COVID-19: Pregnancy

People who get COVID-19 while pregnant are more likely to get severely ill or die from COVID-19. Severe illness may include hospitalization, intensive care or needing a ventilator. Pregnant people with COVID-19 are also at increased risk for preterm birth (delivering the baby earlier than 37 weeks) and might be at increased risk for other poor pregnancy outcomes.

COVID-19 Vaccination

COVID-19 vaccination is recommended for all peoples ages 12 years and older, including people who are pregnant, recently pregnant, breastfeeding or wanting to get pregnant. The benefits of receiving a COVID-19 vaccine during pregnancy outweigh any known or potential risks of vaccination.

The vaccines do not contain the virus that causes COVID-19. They cannot give you or your baby COVID-19 or change your DNA.

During Pregnancy or Breastfeeding

People Who Are Pregnant or Breastfeeding Can Receive Any of the Three COVID-19 Vaccines

Studies did not find any safety concerns for pregnant people or their fetuses when they received the Pfizer or Moderna vaccine. Studies are still ongoing for the Johnson & Johnson vaccine. There is a risk for people (greater for women less than 50 years of age) to develop a rare blood clot called thrombosis with thrombocytopenia syndrome, after receiving the Johnson & Johnson COVID-19 vaccine. This risk has not been seen with the Pfizer or Moderna vaccines.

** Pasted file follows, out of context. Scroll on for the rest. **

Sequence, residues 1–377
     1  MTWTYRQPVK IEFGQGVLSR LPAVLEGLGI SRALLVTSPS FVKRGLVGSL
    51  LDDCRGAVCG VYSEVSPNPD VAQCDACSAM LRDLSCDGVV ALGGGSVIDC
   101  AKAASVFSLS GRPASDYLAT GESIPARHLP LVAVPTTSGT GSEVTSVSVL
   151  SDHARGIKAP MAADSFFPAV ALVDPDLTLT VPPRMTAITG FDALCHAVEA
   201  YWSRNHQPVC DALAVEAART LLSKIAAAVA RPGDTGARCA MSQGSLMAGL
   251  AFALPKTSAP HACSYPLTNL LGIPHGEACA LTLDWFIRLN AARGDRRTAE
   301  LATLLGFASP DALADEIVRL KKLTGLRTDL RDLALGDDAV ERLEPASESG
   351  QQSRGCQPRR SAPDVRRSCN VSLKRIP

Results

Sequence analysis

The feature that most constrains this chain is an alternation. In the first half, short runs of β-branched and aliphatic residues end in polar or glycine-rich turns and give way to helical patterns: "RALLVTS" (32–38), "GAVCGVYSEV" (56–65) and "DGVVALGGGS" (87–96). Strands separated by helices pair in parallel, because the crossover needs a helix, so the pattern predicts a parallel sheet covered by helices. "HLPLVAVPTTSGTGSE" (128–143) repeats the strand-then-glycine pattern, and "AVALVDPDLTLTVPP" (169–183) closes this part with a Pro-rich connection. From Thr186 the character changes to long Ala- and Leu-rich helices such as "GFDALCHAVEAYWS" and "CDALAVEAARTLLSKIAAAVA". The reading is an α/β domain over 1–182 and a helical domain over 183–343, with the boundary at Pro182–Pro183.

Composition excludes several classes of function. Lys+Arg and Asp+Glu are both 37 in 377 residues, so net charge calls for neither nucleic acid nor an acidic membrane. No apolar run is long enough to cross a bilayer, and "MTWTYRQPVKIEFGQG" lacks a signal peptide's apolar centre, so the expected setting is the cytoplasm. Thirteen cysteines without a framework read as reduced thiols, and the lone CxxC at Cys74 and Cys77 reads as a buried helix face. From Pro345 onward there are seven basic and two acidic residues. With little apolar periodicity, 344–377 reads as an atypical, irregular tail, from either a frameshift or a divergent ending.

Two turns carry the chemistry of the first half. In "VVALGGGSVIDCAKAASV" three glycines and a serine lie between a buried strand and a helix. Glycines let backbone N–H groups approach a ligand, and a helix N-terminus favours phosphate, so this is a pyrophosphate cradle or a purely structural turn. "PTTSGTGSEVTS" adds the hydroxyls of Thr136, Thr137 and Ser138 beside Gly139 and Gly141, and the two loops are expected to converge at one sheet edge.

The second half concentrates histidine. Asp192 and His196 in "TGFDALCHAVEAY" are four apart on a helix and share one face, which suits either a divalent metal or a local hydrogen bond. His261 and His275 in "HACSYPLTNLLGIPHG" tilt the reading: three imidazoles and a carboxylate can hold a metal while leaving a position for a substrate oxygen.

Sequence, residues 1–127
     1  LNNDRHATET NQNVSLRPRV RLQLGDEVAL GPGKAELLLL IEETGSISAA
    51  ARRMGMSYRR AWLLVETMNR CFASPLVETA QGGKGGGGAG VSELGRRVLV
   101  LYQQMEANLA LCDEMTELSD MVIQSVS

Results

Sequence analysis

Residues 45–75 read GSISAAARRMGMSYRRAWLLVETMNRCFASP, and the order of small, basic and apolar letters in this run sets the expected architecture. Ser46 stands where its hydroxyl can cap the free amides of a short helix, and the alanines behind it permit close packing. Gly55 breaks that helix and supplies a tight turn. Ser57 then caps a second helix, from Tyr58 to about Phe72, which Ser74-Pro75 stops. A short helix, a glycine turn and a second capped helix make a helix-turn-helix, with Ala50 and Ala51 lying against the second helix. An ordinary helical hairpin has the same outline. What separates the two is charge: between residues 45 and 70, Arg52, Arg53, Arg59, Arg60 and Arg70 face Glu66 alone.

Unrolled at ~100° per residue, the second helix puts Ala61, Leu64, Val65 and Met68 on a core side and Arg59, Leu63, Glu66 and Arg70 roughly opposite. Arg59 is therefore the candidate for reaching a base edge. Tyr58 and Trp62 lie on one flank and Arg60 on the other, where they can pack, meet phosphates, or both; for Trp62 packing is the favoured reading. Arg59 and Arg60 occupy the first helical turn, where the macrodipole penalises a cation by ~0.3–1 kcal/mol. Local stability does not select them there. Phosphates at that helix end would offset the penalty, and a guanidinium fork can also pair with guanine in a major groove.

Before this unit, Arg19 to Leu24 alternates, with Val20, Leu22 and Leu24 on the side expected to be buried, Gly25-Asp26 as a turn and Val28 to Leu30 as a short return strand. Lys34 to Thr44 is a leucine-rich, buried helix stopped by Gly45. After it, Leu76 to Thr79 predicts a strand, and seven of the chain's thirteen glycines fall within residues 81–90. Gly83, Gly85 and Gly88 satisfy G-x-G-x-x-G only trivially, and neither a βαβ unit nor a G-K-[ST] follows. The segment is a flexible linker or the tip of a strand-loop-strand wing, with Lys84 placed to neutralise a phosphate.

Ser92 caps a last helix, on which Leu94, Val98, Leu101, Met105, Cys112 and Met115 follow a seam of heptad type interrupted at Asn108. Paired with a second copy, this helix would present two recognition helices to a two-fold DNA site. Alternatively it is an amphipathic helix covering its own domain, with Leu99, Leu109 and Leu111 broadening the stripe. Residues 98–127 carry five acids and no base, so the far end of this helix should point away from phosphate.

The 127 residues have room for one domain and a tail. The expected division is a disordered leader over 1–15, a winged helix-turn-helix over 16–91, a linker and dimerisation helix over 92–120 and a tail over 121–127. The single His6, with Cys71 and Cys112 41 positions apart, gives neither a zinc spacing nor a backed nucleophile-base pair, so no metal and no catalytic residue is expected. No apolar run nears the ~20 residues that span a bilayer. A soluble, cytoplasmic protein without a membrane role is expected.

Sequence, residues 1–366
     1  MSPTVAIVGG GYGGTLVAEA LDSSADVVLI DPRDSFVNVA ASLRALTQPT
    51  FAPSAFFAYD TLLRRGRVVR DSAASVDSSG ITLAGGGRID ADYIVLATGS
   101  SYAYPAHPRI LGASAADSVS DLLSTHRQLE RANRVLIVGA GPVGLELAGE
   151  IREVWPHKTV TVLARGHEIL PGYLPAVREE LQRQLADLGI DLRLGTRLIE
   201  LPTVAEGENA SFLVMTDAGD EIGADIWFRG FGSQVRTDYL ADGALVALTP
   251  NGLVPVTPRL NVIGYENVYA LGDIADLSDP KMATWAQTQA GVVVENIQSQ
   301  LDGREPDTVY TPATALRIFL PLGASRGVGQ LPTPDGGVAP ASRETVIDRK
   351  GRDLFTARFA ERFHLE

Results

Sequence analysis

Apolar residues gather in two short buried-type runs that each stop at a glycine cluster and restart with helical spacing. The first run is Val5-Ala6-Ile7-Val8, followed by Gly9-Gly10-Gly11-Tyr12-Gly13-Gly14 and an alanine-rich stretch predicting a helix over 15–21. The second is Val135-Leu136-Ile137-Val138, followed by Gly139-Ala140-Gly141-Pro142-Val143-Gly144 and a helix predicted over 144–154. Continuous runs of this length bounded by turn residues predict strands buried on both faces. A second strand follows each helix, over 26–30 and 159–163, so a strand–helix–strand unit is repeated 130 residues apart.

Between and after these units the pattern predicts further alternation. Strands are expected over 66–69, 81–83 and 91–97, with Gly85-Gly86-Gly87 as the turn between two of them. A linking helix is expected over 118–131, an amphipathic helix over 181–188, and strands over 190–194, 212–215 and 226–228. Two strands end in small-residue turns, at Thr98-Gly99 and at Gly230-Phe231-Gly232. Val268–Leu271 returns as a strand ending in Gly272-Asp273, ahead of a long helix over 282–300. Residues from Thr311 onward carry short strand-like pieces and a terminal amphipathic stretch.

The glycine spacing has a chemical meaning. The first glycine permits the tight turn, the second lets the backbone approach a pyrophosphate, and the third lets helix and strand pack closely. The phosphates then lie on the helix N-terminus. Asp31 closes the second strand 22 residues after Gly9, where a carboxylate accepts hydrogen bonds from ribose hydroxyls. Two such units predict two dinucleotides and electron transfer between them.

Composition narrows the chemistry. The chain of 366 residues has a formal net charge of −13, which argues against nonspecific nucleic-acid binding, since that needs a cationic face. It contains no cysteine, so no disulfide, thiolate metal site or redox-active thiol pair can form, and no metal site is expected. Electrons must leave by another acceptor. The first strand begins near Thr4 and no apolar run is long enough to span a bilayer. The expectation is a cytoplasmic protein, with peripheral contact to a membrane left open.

If you are pregnant and develop a fever after being vaccinated, you should take acetaminophen (Tylenol®). High fever has been associated with adverse pregnancy outcomes.

Where to Get Vaccinated

If you are pregnant or breastfeeding, you can be vaccinated in any setting, such as City-run vaccination sites, pharmacies or your doctor’s office. You do not need to take a pregnancy test before receiving a COVID-19 vaccine. You also do not need to get permission from your doctor to be vaccinated.

Getting Vaccinated Can Protect Your Baby From COVID-19

Getting vaccinated reduces your risk of getting COVID-19 and spreading it to others, including your baby.

Recent studies of people who are pregnant and received the Pfizer or Moderna vaccines found antibodies in the baby’s cord blood and in breast milk. Future studies can help us understand whether these antibodies could protect babies, as some other vaccines do. For example, people who are pregnant and get the whooping cough vaccine (called Tdap) and the flu vaccine pass along antibodies that protect the baby during its first few months of life.

Learn how to reduce your risk if you are not fully vaccinated.

When Trying to Become Pregnant

COVID-19 Vaccines Do Not Cause Fertility Problems

There is no evidence that COVID-19 vaccines cause fertility problems. The CDC recommends that people who want to get pregnant get vaccinated against COVID-19.

The Vaccine and Your Menstrual Cycle

You do not need to plan vaccination around your menstrual cycle. The vaccine can safely be given while menstruating.

More studies will be done to see if there is a connection between COVID-19 vaccination and temporary menstrual changes.

The Vaccine Does Not Affect Puberty or People’s Hormones

There is no evidence vaccines have long-term effects on puberty or hormones.

V-safe Pregnancy Registry

If you are pregnant and have received a COVID-19 vaccine, you can enroll in V-safe. V-safe is a program run by the CDC that uses text messages and web surveys to provide you with personalized health check-ins. The V-safe pregnancy registry gathers information on the health of pregnant people who have received a COVID-19 vaccine. This information can help people and their health care providers make informed decisions about COVID-19 vaccination. V-safe is a voluntary program, and you can opt out at any time.


Protecting Your Health

The COVID-19 pandemic has caused stress and anxiety for people who are pregnant or postpartum. There are tools and guidance that can help, including a live chat and warmline supported by the CDC.